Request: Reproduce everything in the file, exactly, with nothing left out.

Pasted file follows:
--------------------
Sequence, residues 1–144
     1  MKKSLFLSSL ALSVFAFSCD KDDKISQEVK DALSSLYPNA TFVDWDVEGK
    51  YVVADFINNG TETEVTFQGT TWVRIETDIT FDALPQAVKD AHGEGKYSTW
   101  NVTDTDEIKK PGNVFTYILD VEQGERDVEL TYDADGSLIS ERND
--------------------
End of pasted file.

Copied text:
Sequence, residues 1–144
     1  MKKSLFLSSL ALSVFAFSCD KDDKISQEVK DALSSLYPNA TFVDWDVEGK
    51  YVVADFINNG TETEVTFQGT TWVRIETDIT FDALPQAVKD AHGEGKYSTW
   101  NVTDTDEIKK PGNVFTYILD VEQGERDVEL TYDADGSLIS ERND